4

I'm working on a relatively new Linux Mint installation and I haven't noticed any significant issues until just now, I realised I couldn't use any command-line tools that interactively read user input. Instead of processing an enter key as I'd expect by consuming a line of input, it's printing the ^M character sequence to the terminal and continuing to prompt for input.
E.g. with git add -p:

Stage this hunk [y,n,q,a,d,j,J,g,/,e,?]? y^M

After a little more testing I realised that all shell read operations were doing this (in zsh and bash), and sh was entirely unusable.

zsh and bash:

$ read test
value^M^C
$

sh:

$ echo "test"^M^C
$ exit^M^M^M^C
$

I opened a new terminal and it seemed unaffected, so I'm not stuck here, but I'd love to know what happened to make this terminal behave as it is. I'll keep the broken one open for a while for testing if people have theories.

  • Ah drat, I got distracted while reading your first comment and copied the stty -icrnl instead of plain stty, so I think I've ruined my chances of investigating the exact state prior. However, I'm glad to have an understanding of how to both reproduce and fix the issue. Write them as an answer and I'll accept it. – Zoey Hewll Apr 17 at 5:39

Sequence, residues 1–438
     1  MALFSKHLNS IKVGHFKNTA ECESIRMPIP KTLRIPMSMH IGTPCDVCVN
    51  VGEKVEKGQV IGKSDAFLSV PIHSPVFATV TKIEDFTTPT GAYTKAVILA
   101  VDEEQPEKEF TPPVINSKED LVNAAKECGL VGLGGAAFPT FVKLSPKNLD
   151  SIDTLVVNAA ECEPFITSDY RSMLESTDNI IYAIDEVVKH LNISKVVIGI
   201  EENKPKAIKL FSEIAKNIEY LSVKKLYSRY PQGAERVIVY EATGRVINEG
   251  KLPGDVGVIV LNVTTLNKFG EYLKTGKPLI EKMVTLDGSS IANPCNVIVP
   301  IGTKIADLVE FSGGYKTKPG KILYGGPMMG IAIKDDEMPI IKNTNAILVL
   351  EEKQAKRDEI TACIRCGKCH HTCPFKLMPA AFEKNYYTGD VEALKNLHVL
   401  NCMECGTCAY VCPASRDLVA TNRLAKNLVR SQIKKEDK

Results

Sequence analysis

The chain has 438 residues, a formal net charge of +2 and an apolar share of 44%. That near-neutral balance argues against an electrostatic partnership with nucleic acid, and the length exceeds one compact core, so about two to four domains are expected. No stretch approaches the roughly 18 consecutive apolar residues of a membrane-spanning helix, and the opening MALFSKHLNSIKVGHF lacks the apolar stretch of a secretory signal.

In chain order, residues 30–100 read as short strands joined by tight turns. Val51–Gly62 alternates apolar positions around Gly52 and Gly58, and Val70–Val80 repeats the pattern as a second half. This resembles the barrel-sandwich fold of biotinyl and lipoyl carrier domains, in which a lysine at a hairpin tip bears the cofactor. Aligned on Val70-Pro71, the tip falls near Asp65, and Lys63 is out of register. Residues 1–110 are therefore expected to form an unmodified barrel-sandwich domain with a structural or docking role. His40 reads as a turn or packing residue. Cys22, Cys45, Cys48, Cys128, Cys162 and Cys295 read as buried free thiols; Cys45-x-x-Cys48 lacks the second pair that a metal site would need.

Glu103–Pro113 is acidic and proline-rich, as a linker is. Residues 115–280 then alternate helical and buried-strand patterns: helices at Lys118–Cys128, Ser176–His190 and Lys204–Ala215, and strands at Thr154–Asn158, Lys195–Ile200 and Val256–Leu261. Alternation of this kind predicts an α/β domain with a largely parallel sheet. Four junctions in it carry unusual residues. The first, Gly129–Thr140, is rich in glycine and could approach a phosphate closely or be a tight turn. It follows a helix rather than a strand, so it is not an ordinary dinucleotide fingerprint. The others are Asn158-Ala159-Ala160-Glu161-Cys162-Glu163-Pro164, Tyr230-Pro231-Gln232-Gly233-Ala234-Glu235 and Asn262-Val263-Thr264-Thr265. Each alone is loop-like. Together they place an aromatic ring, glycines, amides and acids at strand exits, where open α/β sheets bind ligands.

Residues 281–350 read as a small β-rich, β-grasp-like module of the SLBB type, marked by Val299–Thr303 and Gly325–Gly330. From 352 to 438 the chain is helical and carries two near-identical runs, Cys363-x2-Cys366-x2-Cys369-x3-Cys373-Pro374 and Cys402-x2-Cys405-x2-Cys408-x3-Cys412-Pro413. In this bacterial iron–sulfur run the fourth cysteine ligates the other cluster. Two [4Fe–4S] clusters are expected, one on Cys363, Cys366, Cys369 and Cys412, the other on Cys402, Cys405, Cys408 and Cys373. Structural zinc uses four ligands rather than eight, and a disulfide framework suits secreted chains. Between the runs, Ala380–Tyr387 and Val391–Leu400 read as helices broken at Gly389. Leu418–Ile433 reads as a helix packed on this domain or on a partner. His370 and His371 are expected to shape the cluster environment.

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This usually happens when a program which set the terminal to raw input mode died unexpectedly and wasn't able to restore the terminal settings to their prior values.

A simple stty sane should reset everything to normal.

As part of making the terminal "raw", the translation of Carriage-Return (^M, \r) to Line-Feed (^J, \n) is disabled by turning off the ICRNL flag in the c_iflag termios settings. This could also be done from the command line with stty -icrnl.

The command line of a shell like bash is usually not affected by this, because bash makes itself the terminal raw and does its own key translation (in order to provide nice line-editing capabilities as moving the insertion point left and right, command line history, etc) and only restores the default terminal settings upon running other commands.

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